I was trying to find if there a method similar to multiplying and dividing by the conjugate $$\frac{1}{\sqrt{3x+5}-\sqrt{5x+11} - \sqrt{x+9}},$$ but that doesn't seem to work here. Also, is there a method of multiplying by a conjugate for roots other than the square root? Such as $(ax+b)^\frac1n ± (cx+d)^\frac1m$

  • $\begingroup$ The second question is more generic, it may depend on the (possible) factorisation of $p^n \pm q^m$. $\endgroup$ – Macavity Sep 17 '14 at 8:41
  • $\begingroup$ say if I had a fifth root of a polynomial and a cube root of another polynomial, how would I find if this qualifies for conjugation ? $\endgroup$ – user142795 Sep 17 '14 at 8:42
  • $\begingroup$ $p^5 \pm q^3$ does not factorise in general :(. $\endgroup$ – Macavity Sep 17 '14 at 8:44
  • $\begingroup$ I see, so how could I do the such with a trinomial of square roots? $\endgroup$ – user142795 Sep 17 '14 at 8:46
  • $\begingroup$ Already shown below. $\endgroup$ – Macavity Sep 17 '14 at 8:46

In case you want to approach the general one, if you see the following in denominator, $$(p^{1/n}-q^{1/m})$$ First focus on p $$(p^{1/n}-q^{1/m})=(p^{1/n}-(q^{n/m})^{1/n})$$ multiply that by $p^{(n-1)/n}+p^{(n-2)/n}q^{n/m}+...+(q^{n/m})^{(n-1)/n}$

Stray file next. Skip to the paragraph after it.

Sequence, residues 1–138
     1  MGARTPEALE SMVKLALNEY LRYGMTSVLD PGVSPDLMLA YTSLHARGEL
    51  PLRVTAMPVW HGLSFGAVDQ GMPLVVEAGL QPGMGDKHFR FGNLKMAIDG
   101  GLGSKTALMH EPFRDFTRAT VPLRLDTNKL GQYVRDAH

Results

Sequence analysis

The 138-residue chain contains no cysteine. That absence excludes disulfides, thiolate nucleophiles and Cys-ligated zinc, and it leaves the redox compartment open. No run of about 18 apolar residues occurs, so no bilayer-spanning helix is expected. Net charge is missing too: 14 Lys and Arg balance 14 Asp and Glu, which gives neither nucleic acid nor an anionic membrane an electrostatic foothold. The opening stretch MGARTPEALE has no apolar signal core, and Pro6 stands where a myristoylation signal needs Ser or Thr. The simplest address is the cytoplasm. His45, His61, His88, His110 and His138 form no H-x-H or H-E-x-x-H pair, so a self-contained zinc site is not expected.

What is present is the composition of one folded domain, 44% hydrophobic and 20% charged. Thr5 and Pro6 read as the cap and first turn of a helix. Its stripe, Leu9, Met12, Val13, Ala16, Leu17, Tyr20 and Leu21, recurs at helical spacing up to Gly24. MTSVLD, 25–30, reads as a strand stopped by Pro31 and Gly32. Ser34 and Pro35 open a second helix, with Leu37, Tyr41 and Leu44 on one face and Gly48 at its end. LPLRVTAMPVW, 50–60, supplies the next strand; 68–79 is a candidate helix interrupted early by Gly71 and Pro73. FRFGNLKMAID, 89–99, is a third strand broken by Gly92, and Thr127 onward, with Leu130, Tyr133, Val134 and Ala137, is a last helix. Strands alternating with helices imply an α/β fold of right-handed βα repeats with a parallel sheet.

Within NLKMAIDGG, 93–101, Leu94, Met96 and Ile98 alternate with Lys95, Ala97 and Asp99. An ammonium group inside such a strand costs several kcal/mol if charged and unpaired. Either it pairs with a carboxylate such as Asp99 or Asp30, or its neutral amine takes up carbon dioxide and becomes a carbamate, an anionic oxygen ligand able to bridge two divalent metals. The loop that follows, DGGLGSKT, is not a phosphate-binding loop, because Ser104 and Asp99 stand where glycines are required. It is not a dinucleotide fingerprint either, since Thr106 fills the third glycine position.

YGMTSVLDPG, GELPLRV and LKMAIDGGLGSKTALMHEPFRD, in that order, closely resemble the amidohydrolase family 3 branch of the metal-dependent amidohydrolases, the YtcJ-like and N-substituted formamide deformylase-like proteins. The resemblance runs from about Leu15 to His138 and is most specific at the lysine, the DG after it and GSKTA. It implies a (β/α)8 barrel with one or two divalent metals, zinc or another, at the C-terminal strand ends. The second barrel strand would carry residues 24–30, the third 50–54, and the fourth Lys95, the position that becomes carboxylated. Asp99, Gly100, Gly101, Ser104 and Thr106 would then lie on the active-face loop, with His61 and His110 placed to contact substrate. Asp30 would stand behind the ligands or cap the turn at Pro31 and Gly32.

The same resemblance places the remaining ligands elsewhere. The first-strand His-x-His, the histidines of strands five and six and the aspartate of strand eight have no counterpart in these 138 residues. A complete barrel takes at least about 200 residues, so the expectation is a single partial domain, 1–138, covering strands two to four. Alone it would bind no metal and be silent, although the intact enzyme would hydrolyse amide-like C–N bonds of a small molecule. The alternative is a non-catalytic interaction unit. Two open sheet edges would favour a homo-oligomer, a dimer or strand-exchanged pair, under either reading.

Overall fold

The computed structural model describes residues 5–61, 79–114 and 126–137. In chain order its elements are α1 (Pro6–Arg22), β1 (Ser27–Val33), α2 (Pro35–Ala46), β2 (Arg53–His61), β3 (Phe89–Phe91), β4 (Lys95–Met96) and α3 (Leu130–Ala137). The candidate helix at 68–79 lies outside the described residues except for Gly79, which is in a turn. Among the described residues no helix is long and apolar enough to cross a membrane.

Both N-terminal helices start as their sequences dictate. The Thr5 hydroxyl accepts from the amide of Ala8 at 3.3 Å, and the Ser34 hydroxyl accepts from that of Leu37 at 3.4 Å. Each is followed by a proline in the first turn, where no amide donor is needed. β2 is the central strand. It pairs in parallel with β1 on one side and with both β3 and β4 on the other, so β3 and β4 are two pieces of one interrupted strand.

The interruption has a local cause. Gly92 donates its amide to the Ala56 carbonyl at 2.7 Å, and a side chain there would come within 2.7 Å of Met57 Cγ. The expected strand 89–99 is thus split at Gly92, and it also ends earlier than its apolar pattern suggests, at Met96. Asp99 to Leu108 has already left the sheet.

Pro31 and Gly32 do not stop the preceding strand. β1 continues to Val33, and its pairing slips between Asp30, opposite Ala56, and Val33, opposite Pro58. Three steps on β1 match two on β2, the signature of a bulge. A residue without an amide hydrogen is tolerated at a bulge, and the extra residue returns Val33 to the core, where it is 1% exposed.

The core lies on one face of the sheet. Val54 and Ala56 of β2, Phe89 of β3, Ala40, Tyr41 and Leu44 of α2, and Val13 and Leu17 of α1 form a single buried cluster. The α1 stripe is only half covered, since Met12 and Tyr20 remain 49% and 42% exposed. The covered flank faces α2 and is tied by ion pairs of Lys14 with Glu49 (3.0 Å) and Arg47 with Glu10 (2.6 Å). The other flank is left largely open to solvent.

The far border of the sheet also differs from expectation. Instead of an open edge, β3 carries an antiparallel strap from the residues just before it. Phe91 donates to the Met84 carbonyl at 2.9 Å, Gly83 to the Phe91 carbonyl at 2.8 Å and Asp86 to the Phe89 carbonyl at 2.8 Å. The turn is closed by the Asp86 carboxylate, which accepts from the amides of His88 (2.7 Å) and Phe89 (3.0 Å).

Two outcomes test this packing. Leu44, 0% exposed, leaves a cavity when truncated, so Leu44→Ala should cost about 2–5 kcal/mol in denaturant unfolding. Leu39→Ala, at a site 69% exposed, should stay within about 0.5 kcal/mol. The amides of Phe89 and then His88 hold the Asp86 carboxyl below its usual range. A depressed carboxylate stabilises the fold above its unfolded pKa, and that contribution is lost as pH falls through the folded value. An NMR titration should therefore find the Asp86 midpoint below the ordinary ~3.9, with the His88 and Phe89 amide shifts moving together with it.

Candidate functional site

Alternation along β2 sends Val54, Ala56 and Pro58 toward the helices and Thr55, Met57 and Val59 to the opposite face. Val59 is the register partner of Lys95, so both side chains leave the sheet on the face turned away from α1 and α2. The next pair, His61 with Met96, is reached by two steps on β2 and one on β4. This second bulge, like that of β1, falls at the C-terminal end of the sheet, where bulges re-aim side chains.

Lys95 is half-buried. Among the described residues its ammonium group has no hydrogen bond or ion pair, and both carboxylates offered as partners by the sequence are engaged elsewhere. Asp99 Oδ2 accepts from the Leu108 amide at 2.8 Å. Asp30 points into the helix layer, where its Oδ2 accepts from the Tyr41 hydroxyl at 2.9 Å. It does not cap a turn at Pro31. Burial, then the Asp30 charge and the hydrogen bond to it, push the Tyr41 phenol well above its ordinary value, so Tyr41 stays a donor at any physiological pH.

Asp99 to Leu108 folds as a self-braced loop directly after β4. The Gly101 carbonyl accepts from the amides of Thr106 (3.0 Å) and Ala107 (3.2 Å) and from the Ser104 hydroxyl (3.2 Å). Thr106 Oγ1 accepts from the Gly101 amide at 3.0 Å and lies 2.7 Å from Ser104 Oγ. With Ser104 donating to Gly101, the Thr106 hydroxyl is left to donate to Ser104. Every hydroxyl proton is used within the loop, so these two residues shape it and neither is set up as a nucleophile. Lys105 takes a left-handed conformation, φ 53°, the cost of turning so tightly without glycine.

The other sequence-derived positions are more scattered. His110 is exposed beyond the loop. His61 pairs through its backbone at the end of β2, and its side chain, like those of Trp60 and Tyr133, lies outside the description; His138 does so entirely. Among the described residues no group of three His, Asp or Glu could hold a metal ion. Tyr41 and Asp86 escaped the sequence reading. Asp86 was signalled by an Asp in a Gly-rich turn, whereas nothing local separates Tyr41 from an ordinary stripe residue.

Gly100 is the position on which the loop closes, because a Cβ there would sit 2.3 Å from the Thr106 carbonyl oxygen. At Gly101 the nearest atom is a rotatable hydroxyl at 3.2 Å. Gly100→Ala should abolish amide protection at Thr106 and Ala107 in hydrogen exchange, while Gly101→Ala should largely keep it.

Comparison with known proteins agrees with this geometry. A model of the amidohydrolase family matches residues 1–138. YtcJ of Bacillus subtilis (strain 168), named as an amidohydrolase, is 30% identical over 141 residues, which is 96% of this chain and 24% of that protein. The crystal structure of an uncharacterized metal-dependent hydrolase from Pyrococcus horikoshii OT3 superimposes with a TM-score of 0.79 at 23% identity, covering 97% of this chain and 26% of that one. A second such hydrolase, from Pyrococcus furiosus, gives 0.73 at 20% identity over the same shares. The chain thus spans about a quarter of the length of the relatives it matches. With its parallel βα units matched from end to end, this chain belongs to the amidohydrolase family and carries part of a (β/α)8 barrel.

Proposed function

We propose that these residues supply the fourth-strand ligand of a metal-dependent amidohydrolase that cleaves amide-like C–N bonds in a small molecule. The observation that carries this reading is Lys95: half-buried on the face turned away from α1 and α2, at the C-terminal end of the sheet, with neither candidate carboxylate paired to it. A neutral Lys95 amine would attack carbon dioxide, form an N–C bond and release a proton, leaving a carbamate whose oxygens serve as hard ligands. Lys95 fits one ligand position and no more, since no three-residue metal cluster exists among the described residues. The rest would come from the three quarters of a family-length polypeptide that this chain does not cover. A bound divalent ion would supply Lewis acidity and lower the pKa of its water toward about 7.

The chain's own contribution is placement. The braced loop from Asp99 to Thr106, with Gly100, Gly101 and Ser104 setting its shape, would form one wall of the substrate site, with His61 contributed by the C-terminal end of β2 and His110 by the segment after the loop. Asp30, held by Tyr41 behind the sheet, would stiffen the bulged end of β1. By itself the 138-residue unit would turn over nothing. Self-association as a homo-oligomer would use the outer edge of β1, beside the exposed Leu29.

You get $$p-q^{n/m}=(p^m)^{1/m}-(q^n)^{1/m}$$ then again multiply this by $(p^m)^{(m-1)/m}+...(q^n)^{(m-1)/m}$

you'll get $p^m-q^n$

  • $\begingroup$ How is it that you have derived this? Is this a relatively original idea? $\endgroup$ – user142795 Sep 17 '14 at 10:10
  • $\begingroup$ Nice.... Now for the plus sign... $ +1$ $\endgroup$ – Macavity Sep 17 '14 at 10:19
  • $\begingroup$ Yes, would this method still work with the sum ? $\endgroup$ – user142795 Sep 18 '14 at 10:26
  • $\begingroup$ You would just change the sum into a difference when multiplying by the various powers of p and q, correct? $\endgroup$ – user142795 Sep 18 '14 at 10:29

You can apply it twice: $$\frac1{\sqrt a-\sqrt b-\sqrt c}=\frac{(\sqrt a-\sqrt b)+\sqrt c}{(\sqrt a-\sqrt b)^2-c}=\frac{\sqrt a-\sqrt b+\sqrt c}{a+b-c-2\sqrt{ab}},$$ then $$\frac{\sqrt a-\sqrt b+\sqrt c}{a+b-c-2\sqrt{ab}}=\frac{(\sqrt a-\sqrt b+\sqrt c)(a+b-c+2\sqrt{ab})}{(a+b-c)^2-4ab}.$$


Hint: $$\left(\sqrt{a}+\sqrt{b}+\sqrt{c}\right) \left(\sqrt{a}-\sqrt{b}-\sqrt{c}\right) \left(-\sqrt{a}+\sqrt{b}-\sqrt{c}\right) \left(-\sqrt{a}-\sqrt{b}+\sqrt{c}\right) \\ = a^2+b^2+c^2-2(ab+bc+ca)$$


Try this for size:

For the second part of your question, see math.stackexchange.com/questions/838287 .


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